11 With Exposure mode set to Manual and shutter speed set to 1/125 second or slower. The exposure meter cannot be used.
12 Attach the PB-6 vertically. PB-6 can be set to horizontal position after attaching
- AS-15 must be attached in combination with Medical NIKKOR 200 mm f/5.6 for the lens to fire flash
- Reprocopy Outfit PF-4 can be attached in combination with Camera Holder PA-4
- Do not attach the following accessories to the lens as they might damage parts such as the lens CPU contacts (Auto Extension Ring PK-1, PK-11, Auto Ring BR-4 and K1 Ring)


Incompatible Lenses and Lens Accessories
- TC-16A Teleconverter
- Non-AI lenses
- 400 mm f/4.5, 600 mm f/5.6, 800 mm f/8, and 1200 mm f/11 with
Focusing Unit AU-1
- Fisheye 6 mm f/5.6, 8 mm f/8, and OP 10 mm f/5.6
- Old type 21 mm f/4
- K2 ring
- ED 180-600 mm f/8 (No. 174041 - 174180)
- ED 360-1200 f/11 (No. 174031 - 174127)
- 200-600 mm f/9.5 (No. 280001 - 300490)
- 80 mm f/2.8, 200 mm f/3.5, and TC-16 Teleconverter for F3AF
- PC 28 mm f/4 (No. 180900 or smaller)
- PC 35 mm f/2.8 (No. 851001 - 906200)
- Old type PC 35 mm f/3.5
- Old type Reflex 1000 mm f/6.3
- Reflex 1000 mm f/11 (No. 142361 - 143000)
- Reflex 2000 mm f/11 (No. 200111 - 200310)
- PC Micro-NIKKOR 85 mm f/2.8



The SLR/n allows you to take advantage of either auto or manual focus via a small rotating control on the front of the camera, right next to the lens. Setting the switch to "M" puts the camera into manual focus mode, "S" places it in Single Servo AF (focus priority), and "C" puts it into Continuous Servo AF (release priority). Single Servo simply means that the camera sets focus only once, when the Shutter button is first pressed halfway, and is best for still objects. Continuous Servo means that the camera continuously adjusts the focus, as long as the Shutter button is halfway pressed, and is best for moving objects.

The AF Area Mode setting on the Exposure Mode dial lets you select between Single Area and Dynamic Area, both of which offer a Closest Subject Priority option. Single Area AF simply means that the camera judges focus based on one part of the subject. Dynamic AF employs all five of the autofocus brackets, or areas. The camera first focuses on the subject in the central focus area. Whenever the subject moves to a different AF area, the camera also shifts the focus to "follow" the subject. This is great for erratically moving subjects. The Closest Subject Priority option (enabled through the Custom Settings menu) means that the camera first focuses on the closest object that falls into one of the five focus areas and then tracks it as it moves. In Single Area AF mode, you can change the main focus area by unlocking the focus area selector (the four-way Arrow Rocker pad on the back panel) and then shifting the focus area using the up, down, right, or left arrow keys. Then, simply lock the focus area selection by sliding the switch back into place. By default, the SLR/n does not "wrap" the focus area selector as you scroll between focus areas. Through the Custom Settings menu, you can opt for a "Wrap" function, which hunts for the next area from top to bottom or left to right. What this means is that if you continue to press the right arrow key when the right focus area is selected, the selection will wrap around the display, jumping next to the left focus area.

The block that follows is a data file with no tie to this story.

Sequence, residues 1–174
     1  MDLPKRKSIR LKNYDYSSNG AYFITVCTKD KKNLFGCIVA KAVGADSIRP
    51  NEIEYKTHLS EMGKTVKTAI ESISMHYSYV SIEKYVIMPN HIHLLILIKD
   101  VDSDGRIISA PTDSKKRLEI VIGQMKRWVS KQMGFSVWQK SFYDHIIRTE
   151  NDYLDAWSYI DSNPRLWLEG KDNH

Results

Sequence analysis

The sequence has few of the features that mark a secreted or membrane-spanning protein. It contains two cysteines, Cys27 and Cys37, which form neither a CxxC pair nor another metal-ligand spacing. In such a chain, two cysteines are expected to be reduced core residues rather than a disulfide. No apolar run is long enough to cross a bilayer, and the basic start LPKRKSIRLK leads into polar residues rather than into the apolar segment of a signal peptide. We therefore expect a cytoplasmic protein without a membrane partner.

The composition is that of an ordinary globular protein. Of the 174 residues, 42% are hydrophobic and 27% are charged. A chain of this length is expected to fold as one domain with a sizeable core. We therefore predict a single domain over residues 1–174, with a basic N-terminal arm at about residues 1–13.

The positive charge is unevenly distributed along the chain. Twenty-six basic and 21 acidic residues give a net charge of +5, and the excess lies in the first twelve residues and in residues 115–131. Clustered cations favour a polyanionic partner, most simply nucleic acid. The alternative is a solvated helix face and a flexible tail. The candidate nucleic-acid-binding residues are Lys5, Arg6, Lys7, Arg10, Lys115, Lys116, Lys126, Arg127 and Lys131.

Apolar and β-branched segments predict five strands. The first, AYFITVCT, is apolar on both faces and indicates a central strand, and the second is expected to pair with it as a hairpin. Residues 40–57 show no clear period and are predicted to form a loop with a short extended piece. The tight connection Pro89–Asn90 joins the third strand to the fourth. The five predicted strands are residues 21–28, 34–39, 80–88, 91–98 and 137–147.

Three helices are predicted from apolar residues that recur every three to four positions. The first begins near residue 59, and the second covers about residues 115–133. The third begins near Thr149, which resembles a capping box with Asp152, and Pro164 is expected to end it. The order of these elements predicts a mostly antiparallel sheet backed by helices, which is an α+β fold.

There are two methods for using the AF Lock function. The first is to place the central subject in the selected focus area, halfway press the Shutter button, then realign the composition and fire the shutter. Alternatively, when using Single Servo AF, you can press the AF-L/AE-L button to lock focus (and exposure, unless set for focus only in the Custom Settings menu). Keeping this button pressed will lock focus and/or exposure, even if the Shutter button is not held down. This allows you to recompose the photograph without keeping your finger on the Shutter button, but on the AE-L/AF-L button instead. (Thereby resulting in less chance that you'll accidentally fire the shutter when you don't intend to.)


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The SLR/n provides the flexible exposure control common to pro SLRs, with a wide range of features and custom settings. The Exposure Mode dial on top of the camera lets you choose between Program AE, Manual, Aperture Priority, and Shutter Priority exposure modes with shutter speeds from 1/4,000 to two seconds available, as well as a Bulb setting for longer exposures. albeit only in Manual mode. (That two second maximum shutter time limitation is a parameter that really stands out relative to other pro-level digital SLRs. It appears that Kodak doesn't yet have the noise issues of their CMOS sensor sufficiently licked to permit really long exposure times.) Aperture ranges will depend on the lens in use. A nice touch is that, while in Program AE mode, you can rotate the Main Command dial to select different combinations of aperture and shutter speed settings than those initially chosen by the autoexposure system. (That is, if the automatic program would have chosen 1/125 second and f/5.6, you could instead direct the camera to use 1/60 at f/8 or 1/30 at f/11, to get greater depth of field.) This is a very handy option for those times when you need some measure of increased control, but still want the camera to do most of the work for you. In the manual exposure modes, if the camera disagrees with your exposure selections, "Hi" or "Lo" appears in the top status display panel, and an exposure meter shows by how much an image is under- or overexposed.